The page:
So here goes. Lots of pictures again. I can chop mortises – that’s easy. These are 3/8″ wide – the longest is under 2″. For these, a typical mortise chisel seemed like overkill, so I just used a bench chisel. I have a “sash mortise” chisel that I dislike for my oak joinery. Too light. They’d be great here. I don’t have a 3/8″ one…

One thing that Roy did is to intentionally overcut the front cheek of the tenons. This helps when you cope it to meet the molded edge.

I added one step to Roy’s sequence. I scribed a line on the end grain of that front shoulder, that’s where the coping cuts begins. Or ends, depends on how you look at it. But I keep that narrow shoulder square. Roy didn’t need that step because he used a coping plane, I used a gouge. The block on our left is to keep the stock from blasting apart as I pare across it.

And here is the gouge, starting to cut that coped shoulder. It’s more forgiving than I thought…

After coping the shoulders, I ran the molding & rabbet – but didn’t shoot any photos of it. Here is the plane cutting both edges – in this case, after mortising the stiles.

The plane is by J & L Denison, brothers who worked in Saybrook, Connecticut circa 1830s.

After chopping mortises, cutting tenons, running moldings, it’s time for some test-fitting. Once I had the stiles and horizontal rails tested together, I scribed the length of the vertical muntins. Or are they mullions? Whichever they are, I made them more stout than many – decided I didn’t need the extra challenge of thin muntins on my first go-round.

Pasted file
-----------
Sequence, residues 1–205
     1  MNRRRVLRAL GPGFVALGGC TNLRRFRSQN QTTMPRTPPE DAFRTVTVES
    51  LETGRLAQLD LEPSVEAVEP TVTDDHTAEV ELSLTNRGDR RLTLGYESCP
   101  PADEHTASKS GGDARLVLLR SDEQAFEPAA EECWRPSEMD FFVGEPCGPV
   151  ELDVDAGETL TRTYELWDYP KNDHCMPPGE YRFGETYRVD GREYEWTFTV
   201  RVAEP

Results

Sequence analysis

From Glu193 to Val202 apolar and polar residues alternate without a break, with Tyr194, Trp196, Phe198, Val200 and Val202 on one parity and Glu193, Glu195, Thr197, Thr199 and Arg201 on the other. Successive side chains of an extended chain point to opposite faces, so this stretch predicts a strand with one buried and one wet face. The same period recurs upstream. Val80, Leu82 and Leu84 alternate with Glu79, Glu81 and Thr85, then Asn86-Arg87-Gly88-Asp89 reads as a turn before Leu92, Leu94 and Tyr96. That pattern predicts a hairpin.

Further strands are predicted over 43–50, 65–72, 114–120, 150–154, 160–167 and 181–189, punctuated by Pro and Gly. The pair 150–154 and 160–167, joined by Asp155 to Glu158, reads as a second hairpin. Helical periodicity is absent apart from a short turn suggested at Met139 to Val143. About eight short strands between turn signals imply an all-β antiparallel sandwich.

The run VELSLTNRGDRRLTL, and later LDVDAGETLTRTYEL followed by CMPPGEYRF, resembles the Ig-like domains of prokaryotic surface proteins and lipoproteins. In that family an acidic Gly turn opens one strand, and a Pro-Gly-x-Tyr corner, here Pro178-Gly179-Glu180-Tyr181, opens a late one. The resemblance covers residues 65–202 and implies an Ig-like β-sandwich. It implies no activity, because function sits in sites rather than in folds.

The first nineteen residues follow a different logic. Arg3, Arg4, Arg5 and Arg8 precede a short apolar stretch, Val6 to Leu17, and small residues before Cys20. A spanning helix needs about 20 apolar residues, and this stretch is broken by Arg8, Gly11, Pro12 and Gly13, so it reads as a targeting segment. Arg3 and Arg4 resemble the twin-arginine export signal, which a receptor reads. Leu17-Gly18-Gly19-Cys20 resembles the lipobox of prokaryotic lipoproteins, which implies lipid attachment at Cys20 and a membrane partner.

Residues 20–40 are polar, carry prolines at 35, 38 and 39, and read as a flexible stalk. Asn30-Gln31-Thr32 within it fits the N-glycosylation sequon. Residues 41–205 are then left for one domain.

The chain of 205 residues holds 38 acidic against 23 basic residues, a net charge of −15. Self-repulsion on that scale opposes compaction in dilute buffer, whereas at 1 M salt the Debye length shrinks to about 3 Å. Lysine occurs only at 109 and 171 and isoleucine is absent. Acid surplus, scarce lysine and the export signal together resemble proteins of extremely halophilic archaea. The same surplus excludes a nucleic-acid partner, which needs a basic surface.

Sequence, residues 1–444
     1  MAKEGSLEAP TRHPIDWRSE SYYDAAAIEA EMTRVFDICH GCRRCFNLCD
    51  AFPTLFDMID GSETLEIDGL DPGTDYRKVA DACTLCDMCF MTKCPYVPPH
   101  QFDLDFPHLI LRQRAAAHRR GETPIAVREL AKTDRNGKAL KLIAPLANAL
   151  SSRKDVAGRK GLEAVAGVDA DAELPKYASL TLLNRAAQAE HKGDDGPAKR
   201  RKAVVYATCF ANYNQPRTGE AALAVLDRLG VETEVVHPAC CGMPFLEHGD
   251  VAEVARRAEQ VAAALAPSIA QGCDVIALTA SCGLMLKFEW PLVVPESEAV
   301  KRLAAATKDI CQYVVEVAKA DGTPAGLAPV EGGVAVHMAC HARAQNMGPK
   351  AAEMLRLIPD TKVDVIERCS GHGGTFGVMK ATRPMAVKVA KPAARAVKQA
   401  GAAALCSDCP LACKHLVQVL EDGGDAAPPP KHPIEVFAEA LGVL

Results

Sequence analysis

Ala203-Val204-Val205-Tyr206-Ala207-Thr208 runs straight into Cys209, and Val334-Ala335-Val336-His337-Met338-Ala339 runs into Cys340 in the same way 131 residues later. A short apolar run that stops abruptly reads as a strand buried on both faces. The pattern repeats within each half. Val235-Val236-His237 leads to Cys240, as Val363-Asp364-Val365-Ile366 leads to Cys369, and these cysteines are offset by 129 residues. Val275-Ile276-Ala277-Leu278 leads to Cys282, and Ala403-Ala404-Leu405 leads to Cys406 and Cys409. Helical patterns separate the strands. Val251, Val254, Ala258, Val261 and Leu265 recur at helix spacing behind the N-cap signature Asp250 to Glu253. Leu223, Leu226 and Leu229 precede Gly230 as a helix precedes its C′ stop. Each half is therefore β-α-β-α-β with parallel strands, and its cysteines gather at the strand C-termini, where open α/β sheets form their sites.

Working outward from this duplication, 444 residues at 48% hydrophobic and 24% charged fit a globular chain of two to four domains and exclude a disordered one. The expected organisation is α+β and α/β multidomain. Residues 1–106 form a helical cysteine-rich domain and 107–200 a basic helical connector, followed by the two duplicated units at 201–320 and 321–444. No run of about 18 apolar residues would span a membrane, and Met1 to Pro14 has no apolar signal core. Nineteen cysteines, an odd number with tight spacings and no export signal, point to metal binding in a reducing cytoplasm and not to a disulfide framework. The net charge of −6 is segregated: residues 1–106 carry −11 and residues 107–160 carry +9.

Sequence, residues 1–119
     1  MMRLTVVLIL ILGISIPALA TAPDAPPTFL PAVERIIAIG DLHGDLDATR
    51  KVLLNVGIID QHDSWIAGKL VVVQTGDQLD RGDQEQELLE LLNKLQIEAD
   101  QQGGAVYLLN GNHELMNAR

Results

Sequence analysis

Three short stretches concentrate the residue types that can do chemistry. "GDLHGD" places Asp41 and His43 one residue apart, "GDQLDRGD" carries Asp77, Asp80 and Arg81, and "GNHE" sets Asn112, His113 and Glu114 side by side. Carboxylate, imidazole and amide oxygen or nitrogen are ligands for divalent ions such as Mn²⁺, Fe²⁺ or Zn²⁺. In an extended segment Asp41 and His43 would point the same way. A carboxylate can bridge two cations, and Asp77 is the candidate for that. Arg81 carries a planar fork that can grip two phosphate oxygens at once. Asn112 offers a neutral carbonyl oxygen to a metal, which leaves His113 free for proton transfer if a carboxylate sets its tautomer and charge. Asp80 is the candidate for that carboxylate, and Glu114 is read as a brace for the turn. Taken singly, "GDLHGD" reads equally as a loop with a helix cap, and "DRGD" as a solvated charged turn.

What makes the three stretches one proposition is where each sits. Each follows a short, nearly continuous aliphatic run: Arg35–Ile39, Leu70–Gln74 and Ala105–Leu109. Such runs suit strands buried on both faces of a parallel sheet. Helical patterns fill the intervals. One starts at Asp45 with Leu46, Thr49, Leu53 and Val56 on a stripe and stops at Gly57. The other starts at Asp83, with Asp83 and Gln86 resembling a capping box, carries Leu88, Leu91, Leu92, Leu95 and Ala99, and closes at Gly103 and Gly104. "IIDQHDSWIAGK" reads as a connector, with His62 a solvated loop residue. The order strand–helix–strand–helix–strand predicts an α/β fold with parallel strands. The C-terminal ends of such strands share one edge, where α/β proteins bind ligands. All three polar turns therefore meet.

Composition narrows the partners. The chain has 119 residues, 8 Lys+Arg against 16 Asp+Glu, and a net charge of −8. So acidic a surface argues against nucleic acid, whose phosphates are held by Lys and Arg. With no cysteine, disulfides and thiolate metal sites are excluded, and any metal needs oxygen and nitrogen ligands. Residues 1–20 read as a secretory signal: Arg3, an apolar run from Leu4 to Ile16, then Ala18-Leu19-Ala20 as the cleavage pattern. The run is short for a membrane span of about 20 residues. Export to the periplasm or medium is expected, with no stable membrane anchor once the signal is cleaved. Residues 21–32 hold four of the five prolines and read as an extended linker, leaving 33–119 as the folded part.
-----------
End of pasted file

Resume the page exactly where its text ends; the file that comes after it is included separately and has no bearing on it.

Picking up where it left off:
Knocking it together here & there. Some test-fit, some adjustments. Nothing major.

I checked it. Flat & square & 1/8″ oversized. I got right out of there before I messed anything up.

Here’s the links of stuff I mentioned up above.

https://www.instagram.com/rgd62/?hl=en

https://www.pbs.org/video/woodwrights-shop-double-casement-window/

https://woodandshop.com/the-house-jointer-make-sash-windows/

Basket making video Handles & Rims; drawings next

OK – a few things. A couple of chairs & boxes are left, those things are selling in dribs & drabs. I can always make more, too… https://pfollansbee.wordpress.com/ladderback-chairs-oak-boxes-for-sale/

Daniel & I finally sat down & finished the next basket video; Handles & Rims.

I’m sorry it’s taking so long with this set of videos. When I shoot them, I’m both cameraman and subject. On something at the bench, that’s not difficult to do; but with the baskets, I’m always picking them up, shifting them this way & that…so there’s a lot of editing involved. Sometimes, I just don’t have the shot we need to get the point across – and it’s too late to go back & shoot more right now. So caveat emptor.

There’s still a couple of baskets left for sale too. Email me if you are interested, and I’ll send photos & specs.

The drawings of carving patterns arrived yesterday.

Now to sort them, roll them into mailing tubes and set up the page for it. There will be a blog post and a video very soon showing what these are, and what they aren’t. I’ll get on it right away. I have no idea how to gauge how these will sell, so I started with 50 sets…means there’s maybe 46 or so to sell…but I can get more if we need them.

the Havoc of Displacement

This is the first chest of drawers I made – in 2003. Made it as a wedding present for my wife.

The new one bumped it upstairs. Before we moved it, I took a picture, pretending that our house was clean/clear and spacious. And that you could move around in it. Which is a complete lie.